LabVIEW

cancel
Showing results for 
Search instead for 
Did you mean: 

PID control with large time delay in the process variable

Solved!
Go to solution

Hi

 

My goal is to control a temperature via a valve and heat exchanger. I have process variable (temperature) measured from a pipe. This temperature needs to be raised a few degrees with a heat exchanger. So basically I need to control a valve that allows water to flow through this heat exchanger in order to raise the measured temperature to a desired level.  

 

My original plan was to use a basic PID control to operate the valve. However there is about 0.5-1 minute time delay in the temperature sensor after I open the valve thus raising the temperature. This induces a situation where the PID control has the valve fully open during this time delay (trying to get the temperature raising). Then once the temperature starts raising it raises pretty fast. The PID starts closing the valve almost immediately but because of the time delay in the sensor, the temperature overshoots severely. This leads to severe oscillation and in worst scenario to unstable process. I have tried to tune the PID control to "predict" the time delay in order to close the valve well in advance to minimize overshoot but haven't been successful.

 

I would really appreciate if someone has any ideas how to achieve this type of control with Labview PID functions. I am also wondering if there is a better type of control procedure for this scenario than a PID control?

 

-Lars

 

 

0 Kudos
Message 1 of 5
(7,069 Views)
Solution
Accepted by Muori

This is a very common situation in heater control, and usually PID can be tuned to make it work. How are you doing the tuning? If you're doing it through trial and error, you're unlikely to be successful. For a slow process with time delay I like to use the Cohen-Coon method, or the similar Ziegler-Nichols open-loop method. The idea is that you temporarily remove or disable the PID. Set the valve at a fixed position and wait for the temperature to stabilize. Then, change the valve setting and record temperature data at regular intervals until the temperature is again stable at a new value. Use this data to get initial PID values from the equations provided by the tuning method you choose.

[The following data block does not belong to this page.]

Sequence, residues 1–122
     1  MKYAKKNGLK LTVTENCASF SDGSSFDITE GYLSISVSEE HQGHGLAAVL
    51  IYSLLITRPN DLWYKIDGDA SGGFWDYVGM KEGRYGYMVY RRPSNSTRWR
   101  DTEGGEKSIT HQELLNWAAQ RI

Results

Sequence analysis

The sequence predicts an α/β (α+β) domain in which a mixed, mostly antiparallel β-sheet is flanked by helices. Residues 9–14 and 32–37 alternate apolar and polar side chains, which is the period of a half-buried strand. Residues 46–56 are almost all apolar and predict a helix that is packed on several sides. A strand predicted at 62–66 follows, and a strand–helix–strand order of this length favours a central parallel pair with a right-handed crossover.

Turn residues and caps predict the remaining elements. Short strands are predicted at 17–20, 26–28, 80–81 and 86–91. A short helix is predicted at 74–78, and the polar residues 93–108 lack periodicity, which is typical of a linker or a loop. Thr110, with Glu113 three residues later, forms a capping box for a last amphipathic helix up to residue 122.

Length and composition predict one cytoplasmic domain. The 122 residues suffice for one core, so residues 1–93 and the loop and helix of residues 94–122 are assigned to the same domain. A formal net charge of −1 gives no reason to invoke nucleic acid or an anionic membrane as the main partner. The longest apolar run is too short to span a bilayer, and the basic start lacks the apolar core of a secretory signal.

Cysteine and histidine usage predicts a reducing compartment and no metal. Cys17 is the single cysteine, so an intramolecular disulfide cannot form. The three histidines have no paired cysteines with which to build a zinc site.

Message 2 of 5
(7,047 Views)

The Cohen-Coon method worked for this heater control. Thanks for your reply!

0 Kudos
Message 3 of 5
(7,024 Views)

If you need better performance than you can get from a well tuned PID controller for a system with a long time delay - then using a model-based control like a Smith Predictor may help. Feedforward can also help in time delay systems if you problem has changing setpoints or measured disturbances.

 

However, sounds like a well tuned PID has been enough here ...

Consultant Control Engineer
www-isc-ltd.com
0 Kudos
Message 4 of 5
(6,972 Views)

@nathand wrote:

This is a very common situation in heater control, and usually PID can be tuned to make it work. How are you doing the tuning? If you're doing it through trial and error, you're unlikely to be successful. For a slow process with time delay I like to use the Cohen-Coon method, or the similar Ziegler-Nichols open-loop method. The idea is that you temporarily remove or disable the PID. Set the valve at a fixed position and wait for the temperature to stabilize. Then, change the valve setting and record temperature data at regular intervals until the temperature is again stable at a new value. Use this data to get initial PID values from the equations provided by the tuning method you choose.


Would using self-optimization to tune PID values work in this case?

0 Kudos
Message 5 of 5
(1,958 Views)